Open Access

Controlled Structure of Electrochemically Deposited Pd Nanowires in Ion-Track Templates

Nanoscale Research Letters201510:481

https://doi.org/10.1186/s11671-015-1189-4

Received: 10 September 2015

Accepted: 2 December 2015

Published: 12 December 2015

Abstract

Understanding and controlling structural properties of the materials are crucial in materials research. In this paper, we report that crystallinity and crystallographic orientation of Pd nanowires can be tailored by varying the fabrication conditions during electrochemical deposition in polycarbonate ion-track templates. By changing the deposition temperature during the fabrication process, the nanowires with both single- and poly-crystallinities were obtained. The wires with preferred crystallographic orientations along [111], [100], and [110] directions were achieved via adjusting the applied voltage and temperature during electrochemical deposition.

Keywords

Ion-track templatePalladium nanowiresElectrochemical depositionCrystallinityCrystallographic orientation

Background

Nanowire-based devices have been highly pursued for decades stimulated by their rapid expanding impact in nanotechnology. Metallic nanowires are not only interesting for fundamental research due to their unique structural and physicochemical properties compared to their bulk counterparts but also offer a fascinating potential for the future technological applications [1]. It is widely accepted that the performance of a given material is not only affected by its intrinsic properties but also influenced by the structural characteristics such as crystallinity and crystallographic orientation [2, 3]. For instance, the resistivity of a polycrystalline metal film can be enhanced dramatically due to electron scattering at the grain boundaries [4]. The hardness and yield stress of nanocrystalline materials typically increase with decreasing grain size, a phenomenon known as the Hall–Petch effect [5, 6]. However, in the case of very small grain sizes, the nanocrystalline copper becomes soft because of the plastic deformation originating from a large number of small “sliding” events of atomic planes at the grain boundaries, understood as anti-Hall–Petch effect [3, 7]. Similarly, the crystallographic orientation has great influence on the nanowires’ physicochemical properties. For example, the structural transition and melting of gold nanowires [8], the compressive pseudoelastic behavior in Cu nanowires [9], the thermal expansion of Cu nanowires [10], etc. Therefore, understanding and controlling structural properties of the nanowires have become a focus of the efforts to manipulate their electrical, mechanical, magnetic, and optical properties [3].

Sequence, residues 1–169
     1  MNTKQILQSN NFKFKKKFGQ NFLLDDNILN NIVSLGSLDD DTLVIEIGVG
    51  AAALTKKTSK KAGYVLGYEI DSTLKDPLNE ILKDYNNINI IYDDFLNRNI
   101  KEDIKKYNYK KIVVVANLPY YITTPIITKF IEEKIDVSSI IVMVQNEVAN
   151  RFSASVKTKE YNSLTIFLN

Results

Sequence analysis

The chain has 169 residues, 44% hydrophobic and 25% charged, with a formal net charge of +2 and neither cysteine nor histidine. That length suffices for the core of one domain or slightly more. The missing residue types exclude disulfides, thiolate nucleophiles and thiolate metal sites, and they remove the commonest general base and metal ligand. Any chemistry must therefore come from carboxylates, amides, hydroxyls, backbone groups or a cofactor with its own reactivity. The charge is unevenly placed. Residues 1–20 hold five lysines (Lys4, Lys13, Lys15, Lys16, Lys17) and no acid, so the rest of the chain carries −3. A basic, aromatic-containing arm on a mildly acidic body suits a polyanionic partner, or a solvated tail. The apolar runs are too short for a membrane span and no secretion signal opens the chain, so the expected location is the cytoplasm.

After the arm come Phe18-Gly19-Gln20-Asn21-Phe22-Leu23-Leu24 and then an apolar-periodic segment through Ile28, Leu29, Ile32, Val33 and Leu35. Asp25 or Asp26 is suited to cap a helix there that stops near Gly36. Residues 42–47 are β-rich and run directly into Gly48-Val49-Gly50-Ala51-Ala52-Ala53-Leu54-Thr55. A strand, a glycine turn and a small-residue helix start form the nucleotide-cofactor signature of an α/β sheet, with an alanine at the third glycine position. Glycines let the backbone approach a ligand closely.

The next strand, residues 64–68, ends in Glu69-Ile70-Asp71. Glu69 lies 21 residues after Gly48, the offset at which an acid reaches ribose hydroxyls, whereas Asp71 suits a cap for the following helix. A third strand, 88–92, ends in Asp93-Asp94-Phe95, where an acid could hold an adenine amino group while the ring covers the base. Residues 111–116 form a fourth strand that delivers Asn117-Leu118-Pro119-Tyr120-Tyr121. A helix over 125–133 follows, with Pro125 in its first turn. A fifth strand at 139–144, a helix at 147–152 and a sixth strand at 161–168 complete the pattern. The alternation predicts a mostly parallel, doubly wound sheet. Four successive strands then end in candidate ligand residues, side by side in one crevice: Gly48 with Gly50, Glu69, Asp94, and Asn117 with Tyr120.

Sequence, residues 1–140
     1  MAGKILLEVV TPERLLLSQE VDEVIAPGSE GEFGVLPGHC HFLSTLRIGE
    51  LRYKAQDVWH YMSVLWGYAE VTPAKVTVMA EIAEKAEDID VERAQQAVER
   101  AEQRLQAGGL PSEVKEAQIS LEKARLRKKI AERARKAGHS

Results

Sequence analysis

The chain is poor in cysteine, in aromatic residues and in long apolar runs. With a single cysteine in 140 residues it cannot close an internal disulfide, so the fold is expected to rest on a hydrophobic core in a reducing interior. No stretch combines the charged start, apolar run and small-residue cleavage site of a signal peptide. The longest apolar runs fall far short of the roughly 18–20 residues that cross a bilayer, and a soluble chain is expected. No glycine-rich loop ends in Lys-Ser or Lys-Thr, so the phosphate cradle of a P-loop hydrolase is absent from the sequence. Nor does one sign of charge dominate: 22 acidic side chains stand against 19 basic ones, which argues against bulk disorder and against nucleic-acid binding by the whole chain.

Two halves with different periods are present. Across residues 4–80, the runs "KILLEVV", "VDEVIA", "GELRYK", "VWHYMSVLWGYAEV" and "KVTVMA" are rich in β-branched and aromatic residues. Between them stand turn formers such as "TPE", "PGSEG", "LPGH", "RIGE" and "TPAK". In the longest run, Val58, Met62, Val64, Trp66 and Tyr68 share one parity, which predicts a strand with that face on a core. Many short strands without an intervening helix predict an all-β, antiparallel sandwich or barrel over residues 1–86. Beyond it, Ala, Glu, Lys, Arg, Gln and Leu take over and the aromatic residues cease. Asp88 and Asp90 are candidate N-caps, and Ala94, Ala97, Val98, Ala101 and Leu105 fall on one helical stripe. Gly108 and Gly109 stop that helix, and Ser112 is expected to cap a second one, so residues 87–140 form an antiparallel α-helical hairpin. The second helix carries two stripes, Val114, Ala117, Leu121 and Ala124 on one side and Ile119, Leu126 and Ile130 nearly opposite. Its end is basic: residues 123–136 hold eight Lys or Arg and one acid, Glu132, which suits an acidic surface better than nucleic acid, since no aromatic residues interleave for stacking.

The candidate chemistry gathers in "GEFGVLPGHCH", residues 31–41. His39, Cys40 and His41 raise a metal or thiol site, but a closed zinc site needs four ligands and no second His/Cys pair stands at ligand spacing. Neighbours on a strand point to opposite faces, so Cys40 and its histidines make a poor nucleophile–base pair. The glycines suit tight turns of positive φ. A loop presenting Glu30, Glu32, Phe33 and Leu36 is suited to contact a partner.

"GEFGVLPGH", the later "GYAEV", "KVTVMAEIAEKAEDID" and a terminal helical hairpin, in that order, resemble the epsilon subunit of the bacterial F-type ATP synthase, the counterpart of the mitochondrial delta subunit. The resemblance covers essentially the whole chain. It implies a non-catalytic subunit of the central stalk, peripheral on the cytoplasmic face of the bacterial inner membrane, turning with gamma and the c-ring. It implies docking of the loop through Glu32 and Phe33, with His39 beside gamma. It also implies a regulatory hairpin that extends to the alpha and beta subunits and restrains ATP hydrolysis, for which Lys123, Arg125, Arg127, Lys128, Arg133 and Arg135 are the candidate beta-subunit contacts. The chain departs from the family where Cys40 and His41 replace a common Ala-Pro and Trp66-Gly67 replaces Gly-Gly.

Among various noble metals, nanostructured Pd plays a significant role in many functional applications, such as hydrogen gas detection [11], catalyst in fuel cell [12], biosensors [13], and surface-enhanced Raman scattering [14]. In previous studies, Pd nanowires have been successfully fabricated by template-based strategies, like electrochemical deposition in anodic aluminum oxide (AAO) templates [1522], chemical reaction in porous polycarbonate template [23], and soft template [24]. Some chemical methods, such as chemical reaction [13], lithographically patterned nanowire electrodeposition (LPNE) [25], galvanic displacement deposition [26], chemical vapor infiltration [27], and electroless deposition [28] have been employed to prepare Pd nanowires. Additionally, electron-beam lithography [29] and pattern-selective epitaxial growth [30] are also effective methods to fabricate Pd nanowires. In these studies, single crystalline [16, 23, 24, 30] and polycrystalline [21, 25] nanowires have been obtained by different experimental techniques and under different conditions. In these studies, single crystalline [16, 23, 24, 30] and polycrystalline [21, 25] nanowires have been obtained by different experimental techniques and under different conditions. Nanowires with preferred crystallographic orientations along the [111] and [110] directions have been reported by different research groups, however; these nanowires along [100] direction are hardly reported so far. To date, the challenge of controlling and tailoring the crystallinity and crystallographic orientation of Pd nanowires is still open.

In this work, we have prepared Pd nanowires by electrochemical deposition in homemade polycarbonate ion-track templates. Our results demonstrate that the Pd nanowires’ crystallinity and crystallographic orientation can be controlled by appropriately adjusting the fabrication conditions during the electrochemical deposition of the nanowires.

Methods

In order to fabricate home-made ion-track templates, polycarbonate (PC) foils (Makrofol N, Bayer Leverkusen) with thickness of 30 μm were irradiated at the UNILAC linear accelerator of GSI (Darmstadt, Germany) with Pb ions (kinetic energy 11.4 MeV · u−1, fluence 5 × 108 ions · cm−2) at normal incidence and at the HIRFL-SSC accelerator of IMP (Lanzhou, China) with Bi ions (kinetic energy 9.5 MeV · u−1, fluence 5 × 108 ions · cm−2) at normal incidence. The damaged regions produced by the ions along their trajectories, called latent tracks, were selectively etched in 5 M NaOH at 50 °C leading to the formation of cylindrical nanopores in the foils. In this work, all PC foils were chemically etched for 3 min, corresponding to nanopores’ diameter of 75 nm. Prior to the etching, both sides of the foils were exposed to UV light for 2 h in order to enhance the selectivity of the etchant, and thus, to increase the track etching rate. This track sensitization is a necessary step to produce highly cylindrical nanopores. During the etching process, an ultrasonic field was employed to achieve a homogeneous etching.

The strategy to prepare Pd nanowires is based on ion-track template coupled with electrochemical deposition, which is described in detail elsewhere [31, 32]. First, a thin gold film was sputtered onto one side of the template that was further reinforced electrochemically by a Cu layer with a thickness of few microns. This back-layer (Au + Cu) served as cathode during the electrochemical deposition of the Pd nanowires. The electrolyte consisted of aqueous solution of 20 gl−1 K2PdCl4 and 20 gl−1 H2SO4. For fabrication of nanowires, direct current (DC) electrochemical deposition was employed with platinum rod used as the anode. The deposition process was monitored by recording current versus time curves. To make sure that the nanopores are completely filled, an overgrowth of nanowires was intentionally adopted, which resulted in the formation caps on the surface of the template.